The bunches in the photo above are from the Stolpman winery’s Angeli vineyard, where the family grows one of its top wines, the Ballard Canyon AVA Syrah (Santa Ynez Valley, Santa Barbara County). I captured that image on Tuesday of this week as I walked through the Stolpman family’s organic, dry-farmed vineyard, where sustainable farming (including sustainable employment practices) is central to this historic winery’s mission and vision.
It’s just one of the vineyards I’ve visited over the last three months this year, between Napa Valley, Sonoma Valley, Sonoma Coast, Russian River, Santa Cruz Mountains, and San Pasqual Valley.
I tasted the 2014 release from the Stolpman family’s Angeli vineyard back in June and it was utterly delicious.
California wine, I was wrong about you. Really wrong. And I’m really sorry about that. I am your native son: please forgive me.
When the publishers of Slow Food guides, magazines, and books asked me to be the co-ordinating editor of their new guide to the wines of California (to be released in early 2018), I wasn’t sure that we would find enough wineries and wines to fill the pages of the book.
Over the last three months, I’ve tasted hundreds of wines with my fellow editors and toured throughout California wine country — from San Diego where I grew up to Sonoma Coast where I discovered one of my home state’s most beautiful and otherworldly landscapes. Along the way, I found that not only does California produce some of the best wine in the world today but it is also home to a well-established and expanding movement of sustainable farms. And many of those farms and families span generations, like Volker Eisele, one of my favorite finds, in the heart of the Napa Valley, a farm where organic practices have been employed since its inception.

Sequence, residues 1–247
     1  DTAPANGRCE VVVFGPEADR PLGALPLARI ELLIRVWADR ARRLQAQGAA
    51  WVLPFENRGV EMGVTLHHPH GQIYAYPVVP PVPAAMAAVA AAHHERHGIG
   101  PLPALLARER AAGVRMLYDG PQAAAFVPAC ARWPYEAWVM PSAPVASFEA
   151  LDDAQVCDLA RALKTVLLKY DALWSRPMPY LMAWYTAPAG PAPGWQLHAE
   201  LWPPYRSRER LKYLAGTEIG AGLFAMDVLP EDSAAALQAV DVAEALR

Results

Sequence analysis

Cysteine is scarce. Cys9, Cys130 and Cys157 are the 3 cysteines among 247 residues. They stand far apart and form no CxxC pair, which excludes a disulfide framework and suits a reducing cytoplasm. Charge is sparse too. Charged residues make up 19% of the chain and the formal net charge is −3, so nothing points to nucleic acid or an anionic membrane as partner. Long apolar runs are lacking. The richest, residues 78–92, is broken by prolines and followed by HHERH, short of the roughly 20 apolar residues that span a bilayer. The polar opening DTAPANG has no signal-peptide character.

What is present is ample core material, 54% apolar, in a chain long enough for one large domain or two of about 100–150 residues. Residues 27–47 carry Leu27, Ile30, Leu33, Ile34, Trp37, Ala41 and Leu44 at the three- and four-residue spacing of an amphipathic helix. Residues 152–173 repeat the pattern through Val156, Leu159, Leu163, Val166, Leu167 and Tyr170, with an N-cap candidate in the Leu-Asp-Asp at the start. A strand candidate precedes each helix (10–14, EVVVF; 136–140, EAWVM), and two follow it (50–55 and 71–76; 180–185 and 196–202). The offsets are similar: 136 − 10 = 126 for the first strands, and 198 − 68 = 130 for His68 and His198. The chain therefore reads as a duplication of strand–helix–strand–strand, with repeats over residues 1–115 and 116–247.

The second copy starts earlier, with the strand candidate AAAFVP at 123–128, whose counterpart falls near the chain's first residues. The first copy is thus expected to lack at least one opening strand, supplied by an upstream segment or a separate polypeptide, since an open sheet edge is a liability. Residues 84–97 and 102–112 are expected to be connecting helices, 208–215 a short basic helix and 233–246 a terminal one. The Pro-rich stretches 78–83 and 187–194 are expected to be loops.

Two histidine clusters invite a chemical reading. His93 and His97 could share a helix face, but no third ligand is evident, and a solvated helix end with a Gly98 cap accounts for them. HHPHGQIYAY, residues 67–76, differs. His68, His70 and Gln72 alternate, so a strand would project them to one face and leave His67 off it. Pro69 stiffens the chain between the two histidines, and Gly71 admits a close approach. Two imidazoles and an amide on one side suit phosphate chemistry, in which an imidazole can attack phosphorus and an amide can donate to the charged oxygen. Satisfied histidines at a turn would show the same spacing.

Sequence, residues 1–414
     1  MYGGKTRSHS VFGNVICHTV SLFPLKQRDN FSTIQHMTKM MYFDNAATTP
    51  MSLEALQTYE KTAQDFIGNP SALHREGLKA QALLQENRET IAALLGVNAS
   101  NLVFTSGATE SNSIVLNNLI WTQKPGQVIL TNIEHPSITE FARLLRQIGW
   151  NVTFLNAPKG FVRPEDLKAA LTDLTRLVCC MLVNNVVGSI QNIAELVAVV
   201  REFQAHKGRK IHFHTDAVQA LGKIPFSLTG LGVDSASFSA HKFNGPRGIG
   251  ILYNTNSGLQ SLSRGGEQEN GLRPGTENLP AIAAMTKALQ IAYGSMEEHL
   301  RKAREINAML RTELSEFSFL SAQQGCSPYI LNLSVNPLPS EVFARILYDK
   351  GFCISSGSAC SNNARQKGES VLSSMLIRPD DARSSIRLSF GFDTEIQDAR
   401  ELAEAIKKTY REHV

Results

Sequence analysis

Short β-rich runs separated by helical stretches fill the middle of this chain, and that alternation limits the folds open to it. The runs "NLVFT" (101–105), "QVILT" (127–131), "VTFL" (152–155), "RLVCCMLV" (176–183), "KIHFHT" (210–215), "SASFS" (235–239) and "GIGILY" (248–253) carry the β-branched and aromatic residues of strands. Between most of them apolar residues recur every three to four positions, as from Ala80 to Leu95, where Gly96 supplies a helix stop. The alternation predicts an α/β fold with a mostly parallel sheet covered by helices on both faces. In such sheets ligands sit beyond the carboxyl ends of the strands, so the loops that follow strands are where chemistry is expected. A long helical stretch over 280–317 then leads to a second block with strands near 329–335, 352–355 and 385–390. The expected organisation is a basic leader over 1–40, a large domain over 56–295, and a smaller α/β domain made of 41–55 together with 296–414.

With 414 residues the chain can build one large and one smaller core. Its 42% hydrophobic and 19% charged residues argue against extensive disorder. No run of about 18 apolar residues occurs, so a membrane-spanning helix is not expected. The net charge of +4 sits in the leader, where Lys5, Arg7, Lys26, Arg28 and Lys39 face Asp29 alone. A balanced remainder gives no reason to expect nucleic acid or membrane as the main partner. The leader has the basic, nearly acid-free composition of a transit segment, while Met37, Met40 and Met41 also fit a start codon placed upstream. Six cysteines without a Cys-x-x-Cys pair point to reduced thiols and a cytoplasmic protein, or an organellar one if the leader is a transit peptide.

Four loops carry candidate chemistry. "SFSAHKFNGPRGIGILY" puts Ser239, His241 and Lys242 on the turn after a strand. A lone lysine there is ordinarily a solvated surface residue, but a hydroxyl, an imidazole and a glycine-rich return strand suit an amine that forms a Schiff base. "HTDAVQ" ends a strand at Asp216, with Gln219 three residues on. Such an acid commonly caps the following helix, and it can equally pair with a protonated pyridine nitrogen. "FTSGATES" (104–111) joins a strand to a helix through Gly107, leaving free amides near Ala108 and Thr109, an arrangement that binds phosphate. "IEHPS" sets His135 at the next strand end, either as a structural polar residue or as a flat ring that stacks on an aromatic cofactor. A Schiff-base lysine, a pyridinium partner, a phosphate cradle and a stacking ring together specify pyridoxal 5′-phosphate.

That’s a top growing site for Pinot Noir owned by the Domaine de la Côte in the photo above (taken Tuesday of this week). Check out the altitude reading in my compass screenshot below.
Lompoc in Santa Barbara County, where Domaine de la Côte grows its grapes, was another one of the eye-opening discoveries for me. When I woke up on Wednesday morning in Solvang, about 30 minutes inland from Lompoc, it was so cold that I had to wear a jacket when I went out for a Danish. Fog covered the valley. It was August 8. Today, August 10, the high is predicted to be in the low 80s and the low in the mid-50s. Could you think of better conditions (diurnal shifts) for ripening wine fine grapes? In Lompoc they’re beginning to pick their Pinot Noir this week.
In California wine country, they love to use the expression as the crow flies when talking about distance in the lay of the land (as opposed to as a human drives). I certainly have a lot of crow to eat: like so many europhile wine writers of my generation, I have been sweepingly dismissive of California wine in my nearly 20 years on the job.
California wine is hot weather wine. California wine is overly oaky, overly concentrated, jammy and overly alcoholic. California wine is about winemaking and not about grape growing. California wine was conceived historically as an exercise in marketing and has little connection to the land and the people who farm it.
All of those chestnuts are true. But they are also countless farmers, wineries, and winemakers that counter those stereotypes. And many of those farms are managed by multiple generations of the same family.
California, thank you for your grapes, thank you for your wines. Thank you for welcoming me back. I could even kiss a Sunset pig, California, now that I’m home.
I don’t get it. You were wrong about what? You used to believe California wines were bad?
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